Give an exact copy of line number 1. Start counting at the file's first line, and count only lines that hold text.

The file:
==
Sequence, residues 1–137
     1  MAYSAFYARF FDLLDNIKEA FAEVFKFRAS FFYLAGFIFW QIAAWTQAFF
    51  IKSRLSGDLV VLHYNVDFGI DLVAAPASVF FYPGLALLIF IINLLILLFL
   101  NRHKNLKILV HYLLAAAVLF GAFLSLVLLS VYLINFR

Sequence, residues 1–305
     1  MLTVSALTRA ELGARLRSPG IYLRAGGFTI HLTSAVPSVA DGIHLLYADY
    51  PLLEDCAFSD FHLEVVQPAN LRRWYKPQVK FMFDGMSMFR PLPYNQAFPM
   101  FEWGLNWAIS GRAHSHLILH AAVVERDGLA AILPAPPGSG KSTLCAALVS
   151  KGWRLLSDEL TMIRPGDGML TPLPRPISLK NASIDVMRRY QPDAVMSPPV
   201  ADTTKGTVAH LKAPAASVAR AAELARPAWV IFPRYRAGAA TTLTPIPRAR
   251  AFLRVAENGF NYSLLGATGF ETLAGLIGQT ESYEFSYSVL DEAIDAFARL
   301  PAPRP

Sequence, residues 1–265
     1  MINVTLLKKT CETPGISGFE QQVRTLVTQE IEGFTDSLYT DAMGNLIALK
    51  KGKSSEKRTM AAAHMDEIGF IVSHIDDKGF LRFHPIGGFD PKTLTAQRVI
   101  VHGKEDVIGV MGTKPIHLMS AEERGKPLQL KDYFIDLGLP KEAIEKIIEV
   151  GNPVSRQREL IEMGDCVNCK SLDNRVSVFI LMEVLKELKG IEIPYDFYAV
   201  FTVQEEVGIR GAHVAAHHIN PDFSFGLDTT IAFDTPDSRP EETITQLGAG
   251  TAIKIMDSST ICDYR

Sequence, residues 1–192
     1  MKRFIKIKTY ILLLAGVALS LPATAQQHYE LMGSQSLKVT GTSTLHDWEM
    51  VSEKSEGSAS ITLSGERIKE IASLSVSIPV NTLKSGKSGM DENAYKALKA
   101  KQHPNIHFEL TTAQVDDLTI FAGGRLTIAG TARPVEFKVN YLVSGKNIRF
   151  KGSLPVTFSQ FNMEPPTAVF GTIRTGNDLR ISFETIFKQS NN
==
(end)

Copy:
Sequence, residues 1–137